Mulloway AKA Jewfish are a prized catch that sits on the top of many Victorian anglers’ bucket list. A stunning fish with a large mouth and distinctive silver or bronze colour. Patience and dedication are required to catch the elusive Mulloway which can reach up to 1.8 meters and 60 kilos. The minimum legal size is 60cm with a daily bag limit of 5 over legal size. Live baits are a top choice when targeting mulloways such as mullet, salmon, and whiting. Pinning them behind the neck to allow the bait to swim freely. Other staple dead baits can include pilchard, trevally, garfish, prawns, chicken & squid. A running sinker rig to a single 5/0 – 8/0 hook or a double snelled hook to present the bait nicely. Soft plastics between 80mm and 100mm are also a great option. Good options include flick baits, shads, paddle tails and grubz. You can also purchase pre-made rigs and swimbaits which are designed to imitate a fish in its surroundings such as a mullet. Choosing a Mulloway outfit Recommended gear to target Mulloway 6-10, 10-15 or 12-24 kilo rod paired with a 4000-8000 spin reel spooled with 20-50 pound line and equivalent leader.
Mulloway resides near river mouth entrances. They are often caught near structure such as bridges and pylons. Try to present your baits and lures as natural as possible or use live baits. Mulloway can be caught at any time of the day, but are most active at the night, during peak tides and moon phases. We have found that lures are quite productive during the day and bait more productive at night.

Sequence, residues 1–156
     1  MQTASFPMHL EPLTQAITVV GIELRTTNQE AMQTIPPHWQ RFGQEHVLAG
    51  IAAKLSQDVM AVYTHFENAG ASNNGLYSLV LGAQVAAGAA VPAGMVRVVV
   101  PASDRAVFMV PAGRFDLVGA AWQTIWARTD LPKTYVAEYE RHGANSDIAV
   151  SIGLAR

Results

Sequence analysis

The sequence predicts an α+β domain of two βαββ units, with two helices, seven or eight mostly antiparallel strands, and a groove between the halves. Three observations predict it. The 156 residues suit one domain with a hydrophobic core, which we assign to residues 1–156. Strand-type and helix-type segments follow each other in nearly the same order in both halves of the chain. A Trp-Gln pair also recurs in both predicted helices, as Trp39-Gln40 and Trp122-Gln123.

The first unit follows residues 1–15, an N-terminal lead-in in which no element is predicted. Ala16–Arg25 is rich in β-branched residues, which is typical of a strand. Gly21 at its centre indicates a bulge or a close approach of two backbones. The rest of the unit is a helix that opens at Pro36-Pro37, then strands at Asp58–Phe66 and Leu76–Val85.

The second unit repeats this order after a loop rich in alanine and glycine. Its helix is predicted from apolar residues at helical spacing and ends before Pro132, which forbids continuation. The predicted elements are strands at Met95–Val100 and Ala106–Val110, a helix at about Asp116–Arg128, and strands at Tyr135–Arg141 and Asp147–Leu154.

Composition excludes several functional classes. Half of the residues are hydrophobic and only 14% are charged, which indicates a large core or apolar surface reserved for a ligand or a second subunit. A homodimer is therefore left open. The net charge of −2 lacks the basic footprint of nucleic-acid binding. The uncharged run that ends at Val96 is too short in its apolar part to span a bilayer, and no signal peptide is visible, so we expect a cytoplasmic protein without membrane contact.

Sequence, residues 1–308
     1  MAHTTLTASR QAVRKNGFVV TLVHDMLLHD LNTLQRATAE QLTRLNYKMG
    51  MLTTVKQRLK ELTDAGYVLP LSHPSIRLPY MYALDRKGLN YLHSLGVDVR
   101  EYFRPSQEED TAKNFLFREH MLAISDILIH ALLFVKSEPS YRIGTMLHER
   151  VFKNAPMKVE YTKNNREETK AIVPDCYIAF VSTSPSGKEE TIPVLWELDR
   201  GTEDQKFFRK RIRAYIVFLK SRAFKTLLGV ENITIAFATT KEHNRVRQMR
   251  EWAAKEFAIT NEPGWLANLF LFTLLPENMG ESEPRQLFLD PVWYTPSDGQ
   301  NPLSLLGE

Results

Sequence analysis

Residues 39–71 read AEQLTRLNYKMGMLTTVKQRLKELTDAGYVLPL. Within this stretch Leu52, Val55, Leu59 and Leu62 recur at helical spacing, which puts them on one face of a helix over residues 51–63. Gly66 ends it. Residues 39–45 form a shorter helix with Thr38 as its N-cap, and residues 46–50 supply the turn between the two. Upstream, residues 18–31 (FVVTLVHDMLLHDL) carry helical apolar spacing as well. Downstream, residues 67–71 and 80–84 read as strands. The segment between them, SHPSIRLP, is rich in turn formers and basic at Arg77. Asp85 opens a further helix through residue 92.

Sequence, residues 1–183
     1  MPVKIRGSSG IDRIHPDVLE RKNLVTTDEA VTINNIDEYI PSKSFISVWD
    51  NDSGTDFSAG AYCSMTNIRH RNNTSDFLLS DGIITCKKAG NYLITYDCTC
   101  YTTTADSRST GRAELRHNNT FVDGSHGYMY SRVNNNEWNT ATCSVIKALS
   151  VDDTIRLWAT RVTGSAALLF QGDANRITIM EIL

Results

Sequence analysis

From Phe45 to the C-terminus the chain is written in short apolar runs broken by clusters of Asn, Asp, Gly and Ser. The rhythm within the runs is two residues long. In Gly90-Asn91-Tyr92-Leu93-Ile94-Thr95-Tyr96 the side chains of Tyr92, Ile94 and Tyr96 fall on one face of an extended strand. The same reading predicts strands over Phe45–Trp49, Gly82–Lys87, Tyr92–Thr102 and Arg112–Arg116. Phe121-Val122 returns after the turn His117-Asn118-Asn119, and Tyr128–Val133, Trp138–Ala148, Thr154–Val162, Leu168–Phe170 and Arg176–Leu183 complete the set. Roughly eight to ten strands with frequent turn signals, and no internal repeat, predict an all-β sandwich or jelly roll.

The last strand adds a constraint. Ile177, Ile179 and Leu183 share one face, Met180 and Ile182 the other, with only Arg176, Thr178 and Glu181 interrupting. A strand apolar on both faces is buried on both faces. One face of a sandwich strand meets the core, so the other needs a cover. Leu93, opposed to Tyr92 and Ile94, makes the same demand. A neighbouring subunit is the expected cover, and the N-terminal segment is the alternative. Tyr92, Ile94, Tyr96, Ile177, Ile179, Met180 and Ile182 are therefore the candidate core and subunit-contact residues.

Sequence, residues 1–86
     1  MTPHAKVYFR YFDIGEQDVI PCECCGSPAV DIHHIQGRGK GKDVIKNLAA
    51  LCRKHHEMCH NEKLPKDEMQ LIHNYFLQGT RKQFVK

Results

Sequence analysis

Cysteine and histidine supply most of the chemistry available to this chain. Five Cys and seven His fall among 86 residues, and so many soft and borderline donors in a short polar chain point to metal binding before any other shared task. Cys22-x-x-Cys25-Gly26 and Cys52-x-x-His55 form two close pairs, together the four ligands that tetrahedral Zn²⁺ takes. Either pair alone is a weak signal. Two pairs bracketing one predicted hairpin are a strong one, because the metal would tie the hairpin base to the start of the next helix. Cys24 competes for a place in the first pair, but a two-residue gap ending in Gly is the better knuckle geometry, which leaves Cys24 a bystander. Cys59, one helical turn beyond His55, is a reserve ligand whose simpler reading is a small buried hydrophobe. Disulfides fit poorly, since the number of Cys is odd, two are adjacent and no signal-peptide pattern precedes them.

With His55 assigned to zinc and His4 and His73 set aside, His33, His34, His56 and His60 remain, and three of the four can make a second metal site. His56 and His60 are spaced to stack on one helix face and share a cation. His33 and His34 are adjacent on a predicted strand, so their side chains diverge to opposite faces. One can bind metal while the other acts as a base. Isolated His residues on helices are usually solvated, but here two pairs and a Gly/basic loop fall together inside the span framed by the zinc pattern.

Targeting mullet at Port Melbourne
This is a great location to mullet a bread and butter species which school up in big numbers. They are fun to catch on light spinning gear and a great fish species to introduce beginners into fishing. Mullet respond well to berley, so berley an isolated area with a mix of bread, tuna oil and chook pellets. Good baits include bread, dough, live maggots, pilchard, and prawn. remember that Mullet have small mouths so remember to cut these baits up into small pieces. You can also use soft plastics small minnow and grub style soft plastic with a slow constant retrieve. Scents such as S-Factor or Procure certainly helps. Most mullet are quite small therefore a 7-foot rod in a 1-3 or 2-4 kilo class, paired with a 1000, 2000 or 2500 reel spooled with 2-6-pound braid and equivalent leader.
Here are some helpful tips on catching Mullet with soft plastics.
Targeting Trevally Port Melbourne
Trevally pound for pound is one of the best fighting fish. In certain parts of Australia surface popping for Giant Trevally is one of the bucket list fishing experiences that you must tick off. However, in Victoria, you will mainly be catching the much smaller silver trevally. Good bait options include blue bait, whitebait, raw chicken, pilchards, pippies, squid and mussels. Trevally will also take a range of soft plastics including worm and minnow imitations, small surface poppers, and small metal spoons.
We recommend targeting trevally with a 1-3 or 2-4 kilo fishing rod coupled with a 2000, or 2500 reel spooled with 4-8-pound braid and equivalent fluorocarbon leader. If there are larger trevally in the area than you can go heavier moving up the scale to a 3-5 kilo class spin rod spooled with fine 8-12-pound braid and equivalent fluorocarbon leader.
Images of fish supplied VFA and DEPI. Header All other images and videos shown on the Station Pier Fishing Guide are Fishing Mad originals.